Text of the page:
AGU 2015: Jennifer Francis recent studies on Weather Blocking Patterns Recent Changes in Blocking Characteristics Assessed Using Self-Organizing Maps […]

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Climate State

Date Posted:

December 19, 2015
Recent Changes in Blocking Characteristics Assessed Using Self-Organizing Maps
Speaker: Jennifer Ann Francis

Blocking anticyclones are known to be associated with persistent weather patterns that often lead to extreme weather events. An outstanding question, however, is whether the frequency and/or intensity of these dynamical features are changing in response to human-caused climate change, and in particular, to a disproportionately warming Arctic.

In this presentation we describe a study using a pattern-recognition/clustering tool called Self-Organizing Maps (SOMs) to investigate the temporal behavior of blocks over recent decades, and attribute any changes to either frequency shifts in characteristic atmospheric patterns or to cluster-mean changes in a blocking characteristic for a given pattern. In this application, we use single contours of 500-hPa heights from reanalyses to identify characteristic ridge/trough patterns in the upper-level flow in the northern hemisphere.

By mapping daily assessments of blocking occurrence and intensity to the SOM-derived patterns, we investigate temporal and regional changes in blocking. We find that the relative frequency of blocking days – defined as the number of blocked days in a particular pattern relative to the total number of days in that pattern – has increased significantly ( larger than 95% confidence) in all regions: 60% of the patterns in the Atlantic, 80% in the Pacific, and 30% over continents. While the increases over oceans occur in all seasons, the higher occurrence of blocks over continents is confined to the warm season.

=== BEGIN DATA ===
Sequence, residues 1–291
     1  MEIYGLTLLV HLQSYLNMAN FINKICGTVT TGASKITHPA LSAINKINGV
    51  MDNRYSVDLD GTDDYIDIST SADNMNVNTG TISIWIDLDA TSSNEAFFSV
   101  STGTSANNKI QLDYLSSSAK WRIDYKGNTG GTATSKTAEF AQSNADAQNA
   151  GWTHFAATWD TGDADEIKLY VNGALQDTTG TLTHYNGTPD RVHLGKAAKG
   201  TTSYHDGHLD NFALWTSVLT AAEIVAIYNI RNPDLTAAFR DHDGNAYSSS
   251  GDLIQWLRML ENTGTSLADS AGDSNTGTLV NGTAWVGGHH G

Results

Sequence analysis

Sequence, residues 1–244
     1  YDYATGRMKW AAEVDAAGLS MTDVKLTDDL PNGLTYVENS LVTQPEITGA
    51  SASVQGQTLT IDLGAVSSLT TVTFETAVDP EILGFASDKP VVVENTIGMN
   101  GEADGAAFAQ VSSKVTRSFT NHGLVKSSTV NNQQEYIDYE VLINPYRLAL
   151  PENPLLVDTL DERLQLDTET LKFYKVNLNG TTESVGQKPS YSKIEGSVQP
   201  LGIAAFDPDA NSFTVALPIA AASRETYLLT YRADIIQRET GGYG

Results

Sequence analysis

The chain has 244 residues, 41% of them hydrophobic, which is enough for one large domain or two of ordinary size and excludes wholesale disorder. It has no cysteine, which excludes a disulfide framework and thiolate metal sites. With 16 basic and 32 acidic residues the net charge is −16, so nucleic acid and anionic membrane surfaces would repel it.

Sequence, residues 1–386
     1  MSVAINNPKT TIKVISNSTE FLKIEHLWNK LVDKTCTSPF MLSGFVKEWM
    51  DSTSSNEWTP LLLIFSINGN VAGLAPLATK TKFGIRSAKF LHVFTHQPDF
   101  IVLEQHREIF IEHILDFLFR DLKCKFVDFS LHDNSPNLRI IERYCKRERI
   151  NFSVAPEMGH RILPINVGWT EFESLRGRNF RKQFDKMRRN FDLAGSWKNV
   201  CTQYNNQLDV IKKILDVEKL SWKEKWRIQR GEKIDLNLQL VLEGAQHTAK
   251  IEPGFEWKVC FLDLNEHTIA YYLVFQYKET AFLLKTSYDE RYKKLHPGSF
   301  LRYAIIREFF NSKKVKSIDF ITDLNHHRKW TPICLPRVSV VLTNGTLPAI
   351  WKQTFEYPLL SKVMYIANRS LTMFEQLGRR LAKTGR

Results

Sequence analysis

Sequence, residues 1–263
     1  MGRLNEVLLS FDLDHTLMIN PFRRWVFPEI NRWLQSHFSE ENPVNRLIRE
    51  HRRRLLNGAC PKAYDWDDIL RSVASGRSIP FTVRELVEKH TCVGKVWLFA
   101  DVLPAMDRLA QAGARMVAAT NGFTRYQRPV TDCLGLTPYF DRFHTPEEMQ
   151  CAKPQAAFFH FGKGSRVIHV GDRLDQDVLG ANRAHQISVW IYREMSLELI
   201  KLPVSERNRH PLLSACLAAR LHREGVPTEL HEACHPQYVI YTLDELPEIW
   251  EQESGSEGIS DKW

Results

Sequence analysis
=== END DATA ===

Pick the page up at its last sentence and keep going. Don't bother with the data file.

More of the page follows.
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Blocking intensity, however, has generally decreased, as expected with a weaker poleward temperature gradient. Blocking frequency and Arctic amplification are positively correlated over the Pacific and continental sectors, implying that as the Arctic continues to warm faster than mid-latitudes, the number of days with blocks should continue to increase. Better understanding the mechanisms for changes in blocks and other high-amplitude jet-stream patterns in a warming world will enhance predictability and help society prepare for unusual and extreme weather ahead.

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One Comment

  1. […] has a nice overview. Dr Francis spoke on this (again) in 2015: Abstract for the above is available here. She’s using self-organizing maps, a machine learning technique, to help identify blocking […]

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